Vulnerability, Counterbalancing, and Entanglement

Keeping U.S. troops permanently stationed abroad presents several strategic problems. First, such forces are more vulnerable to attack than forces stationed at home. Even though the preponderance of U.S. power and the general decline in international war probably mean that U.S. overseas bases are not at risk of bombardment in the immediate future, certain plausible contingencies could make them priority targets. If conflict breaks out over Taiwan or maritime‐​territorial disputes in the East China Sea or the South China Sea, the United States would be obligated to intervene against China to fulfill its security guarantee to Taiwan, Japan, or the Philippines, which would then trigger Chinese actions against U.S. assets. 57 To take another example that is now more remote, thanks to the recently negotiated nuclear deal with Iran, if Israel were to preventively strike one of Iran’s nuclear facilities, the United States would be implicated immediately because of its promises to fight to defend Israel. 58 According to a 2012 report, U.S. bases in Bahrain would be a priority target in Iranian retaliatory strikes. 59

For facilities based in certain countries, particularly in the Middle East, the risk of terrorist attacks on military bases has increased in recent years. Not only are homemade explosives and car bombs easier to access and produce, but also—especially after the damage done by the post‐​9/​11 wars in Iraq and Afghanistan—an anti‐​American narrative has become even more popular, making U.S. bases desirable targets for terrorist attacks.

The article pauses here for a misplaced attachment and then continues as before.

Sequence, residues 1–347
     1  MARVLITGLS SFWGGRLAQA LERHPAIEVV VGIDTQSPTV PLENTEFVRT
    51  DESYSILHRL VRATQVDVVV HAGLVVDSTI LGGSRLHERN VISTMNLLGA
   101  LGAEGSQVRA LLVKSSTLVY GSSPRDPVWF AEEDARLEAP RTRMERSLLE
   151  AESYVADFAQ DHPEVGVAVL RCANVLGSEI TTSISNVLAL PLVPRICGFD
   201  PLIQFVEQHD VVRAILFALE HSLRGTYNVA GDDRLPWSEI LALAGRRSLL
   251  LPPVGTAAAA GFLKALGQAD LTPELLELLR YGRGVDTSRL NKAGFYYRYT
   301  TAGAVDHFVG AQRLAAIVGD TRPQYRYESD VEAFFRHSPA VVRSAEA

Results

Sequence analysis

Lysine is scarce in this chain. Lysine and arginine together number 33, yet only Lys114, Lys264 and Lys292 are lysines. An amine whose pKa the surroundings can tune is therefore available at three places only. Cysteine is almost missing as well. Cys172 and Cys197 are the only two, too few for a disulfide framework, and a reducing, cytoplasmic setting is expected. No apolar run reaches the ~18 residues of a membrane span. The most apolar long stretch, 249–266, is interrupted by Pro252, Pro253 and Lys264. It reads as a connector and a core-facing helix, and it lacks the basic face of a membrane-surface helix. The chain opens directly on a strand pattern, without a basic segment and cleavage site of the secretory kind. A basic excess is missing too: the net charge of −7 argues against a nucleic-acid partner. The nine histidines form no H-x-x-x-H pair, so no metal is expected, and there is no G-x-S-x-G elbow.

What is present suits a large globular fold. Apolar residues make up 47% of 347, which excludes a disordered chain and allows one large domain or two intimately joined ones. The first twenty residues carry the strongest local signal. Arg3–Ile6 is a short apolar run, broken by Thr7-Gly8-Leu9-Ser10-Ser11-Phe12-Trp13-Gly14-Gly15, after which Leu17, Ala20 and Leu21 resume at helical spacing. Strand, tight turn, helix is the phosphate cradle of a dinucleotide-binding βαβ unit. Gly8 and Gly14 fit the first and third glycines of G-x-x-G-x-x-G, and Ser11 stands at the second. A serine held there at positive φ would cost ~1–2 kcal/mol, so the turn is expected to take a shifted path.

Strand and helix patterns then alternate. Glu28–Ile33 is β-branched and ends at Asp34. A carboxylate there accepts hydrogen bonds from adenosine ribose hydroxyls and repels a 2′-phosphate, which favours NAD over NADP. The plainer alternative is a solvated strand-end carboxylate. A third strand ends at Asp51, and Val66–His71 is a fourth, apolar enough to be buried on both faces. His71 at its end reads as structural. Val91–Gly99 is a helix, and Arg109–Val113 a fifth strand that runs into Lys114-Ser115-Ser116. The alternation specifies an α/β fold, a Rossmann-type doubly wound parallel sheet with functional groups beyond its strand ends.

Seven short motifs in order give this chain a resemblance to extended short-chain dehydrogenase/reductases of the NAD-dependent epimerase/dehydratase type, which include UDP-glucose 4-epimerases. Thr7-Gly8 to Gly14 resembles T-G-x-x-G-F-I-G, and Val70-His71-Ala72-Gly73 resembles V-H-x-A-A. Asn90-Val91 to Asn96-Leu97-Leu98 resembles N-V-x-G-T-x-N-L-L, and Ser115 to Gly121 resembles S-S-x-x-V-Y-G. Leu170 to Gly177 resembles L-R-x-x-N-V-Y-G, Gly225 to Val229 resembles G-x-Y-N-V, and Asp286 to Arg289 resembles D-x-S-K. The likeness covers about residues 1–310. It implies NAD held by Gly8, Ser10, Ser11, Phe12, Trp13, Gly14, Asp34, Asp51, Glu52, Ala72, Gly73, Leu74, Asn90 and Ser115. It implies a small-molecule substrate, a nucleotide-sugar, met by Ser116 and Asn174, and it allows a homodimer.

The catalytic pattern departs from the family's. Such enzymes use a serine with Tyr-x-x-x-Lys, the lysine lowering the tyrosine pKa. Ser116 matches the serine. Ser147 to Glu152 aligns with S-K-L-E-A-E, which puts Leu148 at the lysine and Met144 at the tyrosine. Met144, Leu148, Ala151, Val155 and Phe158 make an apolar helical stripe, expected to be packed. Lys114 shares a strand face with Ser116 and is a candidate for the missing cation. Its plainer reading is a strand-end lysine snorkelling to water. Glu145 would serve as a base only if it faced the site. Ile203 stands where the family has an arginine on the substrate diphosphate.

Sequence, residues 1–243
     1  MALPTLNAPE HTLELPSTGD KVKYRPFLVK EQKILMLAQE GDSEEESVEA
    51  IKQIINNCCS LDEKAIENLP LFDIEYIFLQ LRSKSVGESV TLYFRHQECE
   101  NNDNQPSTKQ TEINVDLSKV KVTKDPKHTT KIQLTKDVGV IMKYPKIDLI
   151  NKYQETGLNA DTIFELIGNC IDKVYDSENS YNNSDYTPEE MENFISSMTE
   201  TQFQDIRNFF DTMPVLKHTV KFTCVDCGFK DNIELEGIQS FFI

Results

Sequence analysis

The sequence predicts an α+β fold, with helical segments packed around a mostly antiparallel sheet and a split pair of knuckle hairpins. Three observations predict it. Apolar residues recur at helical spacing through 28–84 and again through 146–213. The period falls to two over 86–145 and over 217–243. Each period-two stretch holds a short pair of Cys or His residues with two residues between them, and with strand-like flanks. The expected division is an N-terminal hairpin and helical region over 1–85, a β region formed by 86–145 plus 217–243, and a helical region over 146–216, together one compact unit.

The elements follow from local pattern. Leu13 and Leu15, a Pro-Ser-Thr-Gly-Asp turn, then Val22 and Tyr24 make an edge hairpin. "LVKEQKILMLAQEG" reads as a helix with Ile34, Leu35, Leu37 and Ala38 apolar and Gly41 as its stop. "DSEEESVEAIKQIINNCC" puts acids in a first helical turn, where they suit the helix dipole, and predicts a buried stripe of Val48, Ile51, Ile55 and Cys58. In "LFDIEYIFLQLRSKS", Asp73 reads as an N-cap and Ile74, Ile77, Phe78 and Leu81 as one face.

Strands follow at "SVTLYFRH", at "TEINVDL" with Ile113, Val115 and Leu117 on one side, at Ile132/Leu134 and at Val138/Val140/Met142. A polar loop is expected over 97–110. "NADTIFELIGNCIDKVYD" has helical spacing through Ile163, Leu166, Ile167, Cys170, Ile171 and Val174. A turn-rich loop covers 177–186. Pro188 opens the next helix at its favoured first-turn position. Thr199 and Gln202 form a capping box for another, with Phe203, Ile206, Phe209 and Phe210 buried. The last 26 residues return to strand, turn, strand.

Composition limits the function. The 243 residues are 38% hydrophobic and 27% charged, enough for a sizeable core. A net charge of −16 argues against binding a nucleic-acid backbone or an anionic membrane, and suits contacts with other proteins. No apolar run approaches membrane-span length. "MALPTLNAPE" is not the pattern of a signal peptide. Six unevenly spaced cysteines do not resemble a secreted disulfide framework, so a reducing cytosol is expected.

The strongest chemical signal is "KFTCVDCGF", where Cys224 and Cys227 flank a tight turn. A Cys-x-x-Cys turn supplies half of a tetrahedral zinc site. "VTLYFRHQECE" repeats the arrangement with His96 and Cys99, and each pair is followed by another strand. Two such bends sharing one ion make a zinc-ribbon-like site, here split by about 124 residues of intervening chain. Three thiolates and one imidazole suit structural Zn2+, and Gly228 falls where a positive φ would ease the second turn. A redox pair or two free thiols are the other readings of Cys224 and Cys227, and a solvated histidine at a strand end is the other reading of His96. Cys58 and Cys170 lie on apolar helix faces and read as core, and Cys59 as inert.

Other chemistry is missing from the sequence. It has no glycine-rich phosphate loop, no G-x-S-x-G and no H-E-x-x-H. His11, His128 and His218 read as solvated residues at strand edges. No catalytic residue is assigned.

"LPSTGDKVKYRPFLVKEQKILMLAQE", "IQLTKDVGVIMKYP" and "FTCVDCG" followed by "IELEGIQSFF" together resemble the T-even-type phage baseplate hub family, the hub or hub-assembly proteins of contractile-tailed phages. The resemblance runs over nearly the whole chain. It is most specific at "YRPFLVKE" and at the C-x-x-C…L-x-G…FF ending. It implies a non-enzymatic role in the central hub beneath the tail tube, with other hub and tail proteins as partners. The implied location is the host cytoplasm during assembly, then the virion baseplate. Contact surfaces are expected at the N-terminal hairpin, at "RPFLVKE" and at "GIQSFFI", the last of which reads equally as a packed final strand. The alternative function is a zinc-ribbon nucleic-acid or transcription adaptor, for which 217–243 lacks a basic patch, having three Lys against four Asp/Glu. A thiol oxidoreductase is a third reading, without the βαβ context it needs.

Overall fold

Overseas bases can inspire blowback in the form of terrorism. According to Robert Pape, “the principal cause of suicide terrorism is resistance to foreign occupation.” 60 Infamous examples, like the 1983 bombings of the Marine barracks in Beirut, Lebanon, that killed 241 Americans, and the al Qaeda attack in 2000 on the USS Cole off the coast of Yemen, are illustrative. 61 But bases can also motivate attacks on U.S. soil. The presence of U.S. military bases in Saudi Arabia was one of the most prominent grievances cited by al Qaeda in the lead‐​up to the 9/11 attacks. 62 And the post‐​9/​11 surge in the U.S. military presence in the Middle East coincided with a massive increase in the rate of terrorist attacks inspired by anti‐​Americanism. 63

In addition to terrorism, the development of extremely accurate intermediate‐ and long‐​range ballistic missiles and modern satellite‐​based sensors, among other innovations, makes overseas bases susceptible to asymmetric attacks that are very difficult to defend against. China, in particular, has invested heavily in these capabilities, meaning that a large percentage of U.S. facilities—more than 90 percent of U.S. air facilities in northeast Asia—are in high‐​threat areas. China’s conventional theater‐​strike system, the DF-21, “can hit all military facilities along the entire Japanese archipelago,” says Toshi Yoshihara, the chair of Asia‐​Pacific Studies at the U.S. Naval War College. 64 Michael J. Lostumbo and others write that these weapons and others like them “could cripple an airbase, incapacitate an aircraft carrier, and devastate concentrated ground forces.” 65Granted, the tripwire effect of U.S. forward bases, along with the fact that U.S. allies benefit from these capabilities as well, means that deterrence remains robust in Asia. Still, Chinese strategic planners have discussed striking U.S. bases in the unlikely scenario that inadvertent escalation results in an outbreak of conflict. 66 In other words, bases offer only a marginal increase in deterrence at added risk to forward‐​deployed troops.